An oddity in bluegrass history, the duo of Allerton Hawkes and Alton Myers defied almost every country music convention of the ‘40s. They were an old-fashioned string band hailing not from Appalachia but from Maine, never a hotbed of country-picking, but more importantly, they were an interracial duo at a time and in a genre where such acts were uncommon. The African American Myers was on guitar while Hawkes played mandolin, the two singing close harmonies on a songbook consisting of folk standards, tunes from Flatt & Scruggs, the Carter Family, Ernest Tubb, and Hank Thompson. Allerton & Alton, their full names chosen for their stage name as it had a stronger ring, didn’t play much outside of their region, and they didn’t cut singles in a studio, so Bear Family's excavation of radio sessions for their 2010 disc Black, White & Bluegrass is rather remarkable. Previous to this, Allerton & Alton were talked about but rarely, if ever, heard, so this gives life to their small-scale legend, proving that the duo was quite a capable close harmony unit and pickers. If their backstory wasn’t quite so unique, the music itself might not gather much attention: it’s merely solid, straight-ahead stuff, notable not for its virtuosity, but rather its warmth, Allerton & Alton sounding like a pair of friends trading licks at home. The duo wound up splitting when they were both drafted into the Korean War, Hawkes pursuing a professional musical career to greater effect than Myers, but the music they made in the ‘40s stands: it’s tied to the time yet stands outside of it, by two unwitting pioneers that wanted nothing more than to carry on a tradition.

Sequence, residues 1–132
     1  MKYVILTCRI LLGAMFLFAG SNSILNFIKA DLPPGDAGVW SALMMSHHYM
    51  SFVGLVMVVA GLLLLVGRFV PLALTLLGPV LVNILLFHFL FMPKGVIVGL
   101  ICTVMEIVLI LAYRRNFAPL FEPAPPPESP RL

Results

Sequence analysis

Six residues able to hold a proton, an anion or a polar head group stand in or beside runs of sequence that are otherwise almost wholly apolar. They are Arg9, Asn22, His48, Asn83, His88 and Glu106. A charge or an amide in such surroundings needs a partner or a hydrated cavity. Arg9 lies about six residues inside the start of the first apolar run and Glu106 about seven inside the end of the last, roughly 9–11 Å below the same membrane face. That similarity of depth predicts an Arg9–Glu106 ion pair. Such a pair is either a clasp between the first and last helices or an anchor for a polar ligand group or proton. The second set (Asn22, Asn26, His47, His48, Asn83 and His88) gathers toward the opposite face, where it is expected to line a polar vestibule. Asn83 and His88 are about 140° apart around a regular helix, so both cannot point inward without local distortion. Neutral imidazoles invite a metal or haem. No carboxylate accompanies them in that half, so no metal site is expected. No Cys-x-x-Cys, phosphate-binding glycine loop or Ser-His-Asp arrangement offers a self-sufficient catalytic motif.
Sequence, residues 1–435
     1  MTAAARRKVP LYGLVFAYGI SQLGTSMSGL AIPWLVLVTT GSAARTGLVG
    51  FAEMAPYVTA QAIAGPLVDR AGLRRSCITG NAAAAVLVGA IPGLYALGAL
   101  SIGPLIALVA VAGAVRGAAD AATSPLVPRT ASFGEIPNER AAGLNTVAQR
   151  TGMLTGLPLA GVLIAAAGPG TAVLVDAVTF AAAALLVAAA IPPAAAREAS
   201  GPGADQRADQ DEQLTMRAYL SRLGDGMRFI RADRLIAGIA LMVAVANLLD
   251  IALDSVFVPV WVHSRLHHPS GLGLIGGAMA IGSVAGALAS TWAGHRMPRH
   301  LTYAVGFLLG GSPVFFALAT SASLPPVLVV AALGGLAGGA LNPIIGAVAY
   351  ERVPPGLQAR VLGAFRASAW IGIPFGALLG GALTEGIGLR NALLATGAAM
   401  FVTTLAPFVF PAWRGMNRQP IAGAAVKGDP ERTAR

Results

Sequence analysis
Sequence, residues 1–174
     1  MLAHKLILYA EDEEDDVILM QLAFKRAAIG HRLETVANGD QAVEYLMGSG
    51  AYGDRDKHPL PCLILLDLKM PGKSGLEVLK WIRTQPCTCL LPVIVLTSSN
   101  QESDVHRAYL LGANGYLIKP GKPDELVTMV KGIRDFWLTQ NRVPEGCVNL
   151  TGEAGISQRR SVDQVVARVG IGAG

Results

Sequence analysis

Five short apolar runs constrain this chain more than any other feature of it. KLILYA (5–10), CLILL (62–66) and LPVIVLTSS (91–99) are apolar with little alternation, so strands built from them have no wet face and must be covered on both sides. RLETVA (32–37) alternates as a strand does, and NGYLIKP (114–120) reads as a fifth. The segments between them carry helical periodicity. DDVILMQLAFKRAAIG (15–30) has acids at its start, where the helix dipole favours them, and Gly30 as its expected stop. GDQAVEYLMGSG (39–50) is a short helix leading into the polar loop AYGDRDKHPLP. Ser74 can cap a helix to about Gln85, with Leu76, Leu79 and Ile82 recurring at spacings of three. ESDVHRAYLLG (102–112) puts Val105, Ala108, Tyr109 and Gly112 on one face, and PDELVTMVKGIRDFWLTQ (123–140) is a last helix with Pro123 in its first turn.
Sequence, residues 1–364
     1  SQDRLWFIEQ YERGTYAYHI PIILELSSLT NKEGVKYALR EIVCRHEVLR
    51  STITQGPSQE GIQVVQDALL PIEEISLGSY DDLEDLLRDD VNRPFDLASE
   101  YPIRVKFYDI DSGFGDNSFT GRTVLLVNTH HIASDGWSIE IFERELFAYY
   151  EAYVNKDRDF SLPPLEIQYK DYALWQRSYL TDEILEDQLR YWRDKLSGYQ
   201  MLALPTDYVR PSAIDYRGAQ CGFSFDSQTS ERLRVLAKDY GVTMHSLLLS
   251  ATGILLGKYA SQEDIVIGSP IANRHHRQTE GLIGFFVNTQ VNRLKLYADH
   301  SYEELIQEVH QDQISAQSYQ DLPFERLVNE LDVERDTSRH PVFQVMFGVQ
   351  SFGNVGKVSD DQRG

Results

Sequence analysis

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AllMusic Review by Stephen Thomas Erlewine